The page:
The midfielder, Alan Ainscow arrived from Birmingham City, the mercurial Micky Thomas came from Old Trafford, Mike Walsh was bought from Bolton to shore up the defence, Alan Biley and Mick Ferguson were signed from Derby County and Coventry City respectively to spearhead the attack and two keepers, Blackburn’s Jim Arnold and Bury’s Neville Southall were bought to replace Jim McDonagh between the sticks.
Collectively they were labelled ‘The Magnificent 7’, and as Everton lined up at Goodison to face Birmingham City on the opening day of the season, Kendall’s first in charge, excitement filled the air. That sunny August afternoon was my first at the ground and I can recall a palpable sense of expectation, an atmosphere tingling with possibility.
Two of the new contingent, Ainscow and Biley, scored in that game as Everton eased their way to a 3-1 victory. Goodison crackled. The football was bright. Hope seemed justified.
And yet, of those seven that arrived only Southall, who couldn’t even get in the side to begin with, would have a lasting impact at Goodison. As Kendall’s early teams stuttered and stalled, the likes of Ainscow, Ferguson and Walsh would make way for a new generation of Everton players, such as Sharp, Ratcliffe and Stevens, players who would go down in history as amongst the greatest the club has ever seen.
Some of those who became part of Everton’s golden generation, like that triumvirate above, were at the club when Kendall arrived (and other, less heralded signings would come over the following couple of years). The creation of a side that maximised their talents, and those of others, was a lengthy process, one that was often confusing, frequently unsuccessful and not always convincing. But Kendal got there in the end; creating the greatest side to ever grace the Goodison turf.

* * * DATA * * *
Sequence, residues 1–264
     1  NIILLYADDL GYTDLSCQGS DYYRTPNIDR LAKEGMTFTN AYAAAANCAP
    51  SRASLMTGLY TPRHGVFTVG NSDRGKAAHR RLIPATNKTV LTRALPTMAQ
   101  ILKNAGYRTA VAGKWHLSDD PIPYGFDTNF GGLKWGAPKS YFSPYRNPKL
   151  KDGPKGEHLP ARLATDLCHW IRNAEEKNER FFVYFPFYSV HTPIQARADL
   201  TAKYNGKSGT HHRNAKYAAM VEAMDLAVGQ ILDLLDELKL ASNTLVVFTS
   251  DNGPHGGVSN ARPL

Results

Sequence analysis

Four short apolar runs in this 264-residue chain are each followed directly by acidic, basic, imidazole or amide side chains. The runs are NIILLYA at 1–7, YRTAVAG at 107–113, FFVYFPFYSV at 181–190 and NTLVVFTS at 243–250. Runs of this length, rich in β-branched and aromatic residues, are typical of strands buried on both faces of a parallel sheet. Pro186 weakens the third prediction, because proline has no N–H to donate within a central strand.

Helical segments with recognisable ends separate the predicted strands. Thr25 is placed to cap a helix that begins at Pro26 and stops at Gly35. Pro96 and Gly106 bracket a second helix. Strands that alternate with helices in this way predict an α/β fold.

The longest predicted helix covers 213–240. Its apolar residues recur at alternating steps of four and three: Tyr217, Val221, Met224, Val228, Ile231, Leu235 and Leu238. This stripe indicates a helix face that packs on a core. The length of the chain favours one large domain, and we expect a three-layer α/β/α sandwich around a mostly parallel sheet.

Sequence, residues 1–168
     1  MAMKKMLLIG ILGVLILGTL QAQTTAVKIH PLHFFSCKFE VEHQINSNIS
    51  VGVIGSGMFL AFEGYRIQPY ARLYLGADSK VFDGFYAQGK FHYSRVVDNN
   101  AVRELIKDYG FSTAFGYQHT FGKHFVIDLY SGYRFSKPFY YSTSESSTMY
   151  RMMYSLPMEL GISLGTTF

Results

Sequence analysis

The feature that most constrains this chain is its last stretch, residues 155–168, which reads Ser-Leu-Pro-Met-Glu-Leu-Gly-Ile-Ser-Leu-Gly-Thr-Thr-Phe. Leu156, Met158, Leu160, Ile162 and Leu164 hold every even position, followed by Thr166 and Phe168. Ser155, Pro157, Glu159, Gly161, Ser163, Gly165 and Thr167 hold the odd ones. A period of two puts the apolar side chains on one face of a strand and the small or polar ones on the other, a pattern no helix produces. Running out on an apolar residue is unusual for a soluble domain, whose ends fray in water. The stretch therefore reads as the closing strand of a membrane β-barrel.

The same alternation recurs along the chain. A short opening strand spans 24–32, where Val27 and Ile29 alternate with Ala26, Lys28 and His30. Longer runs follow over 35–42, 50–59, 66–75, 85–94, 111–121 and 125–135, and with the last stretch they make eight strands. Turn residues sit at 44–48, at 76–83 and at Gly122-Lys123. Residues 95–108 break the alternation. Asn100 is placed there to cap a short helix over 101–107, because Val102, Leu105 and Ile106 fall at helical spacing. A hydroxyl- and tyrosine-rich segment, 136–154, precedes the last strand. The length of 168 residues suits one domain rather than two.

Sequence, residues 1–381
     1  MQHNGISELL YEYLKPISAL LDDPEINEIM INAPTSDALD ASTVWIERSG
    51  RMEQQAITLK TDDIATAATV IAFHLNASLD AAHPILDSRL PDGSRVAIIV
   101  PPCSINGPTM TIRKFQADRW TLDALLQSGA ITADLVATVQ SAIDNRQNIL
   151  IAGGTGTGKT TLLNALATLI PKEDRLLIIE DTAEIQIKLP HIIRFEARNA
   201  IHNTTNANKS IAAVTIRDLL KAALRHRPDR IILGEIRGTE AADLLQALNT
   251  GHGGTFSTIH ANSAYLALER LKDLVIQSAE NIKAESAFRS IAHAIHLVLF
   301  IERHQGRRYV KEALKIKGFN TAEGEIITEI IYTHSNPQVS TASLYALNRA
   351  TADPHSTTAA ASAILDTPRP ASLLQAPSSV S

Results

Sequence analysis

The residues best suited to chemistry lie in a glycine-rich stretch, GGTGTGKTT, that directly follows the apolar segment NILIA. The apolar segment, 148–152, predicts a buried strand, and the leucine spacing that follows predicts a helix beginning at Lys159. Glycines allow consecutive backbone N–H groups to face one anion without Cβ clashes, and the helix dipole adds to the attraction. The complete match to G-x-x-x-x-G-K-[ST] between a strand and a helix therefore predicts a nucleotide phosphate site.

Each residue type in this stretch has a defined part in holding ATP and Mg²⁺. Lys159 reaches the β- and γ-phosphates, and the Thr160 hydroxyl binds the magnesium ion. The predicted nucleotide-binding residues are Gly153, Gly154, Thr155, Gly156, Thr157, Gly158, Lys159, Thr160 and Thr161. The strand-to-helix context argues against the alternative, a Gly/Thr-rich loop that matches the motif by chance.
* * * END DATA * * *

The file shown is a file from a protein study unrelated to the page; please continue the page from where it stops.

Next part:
I’m not suggesting that Koeman is the next Kendall or that the players that we currently have at the club (and might acquire in the future) are collectively going to eclipse what the class of 1985 achieved. But I am suggesting that patience and the willingness to maintain hope should be considered.
Great sides are not built overnight. The wrong players arrive, younger players take time to mature, style and system often take time to emerge.
Everton were in a low place just eighteen months ago, a club heading the wrong way in the league and filled with an array of ‘stellar’ talents who turned out to be not very good at all.
Turning that ship around was always going to take time and was never going to be easy (specifically after losing the squad’s one world class player).
Our transition might come to nothing, that’s always a possibility. Sitting through that first half against Atalanta, it was hard to picture a bright future arriving any time soon. But equally, with a raft of young talent, like Lookman, Calvert-Lewin, Kenny, Holgate and Pickford, teamed with players of maturity, such as Rooney, Sigurdsson , Schneiderlin and Baines we have the blend of youth and experience that bristles with potential.
Not all the players we have today will make it, and several of those that arrived in the summer might turn out to be flops. But hope should remain. The club is in a better position than it has been for a generation and through the long, sometimes frustrating process of transition, a better Everton can still emerge. It has done before. It can do again.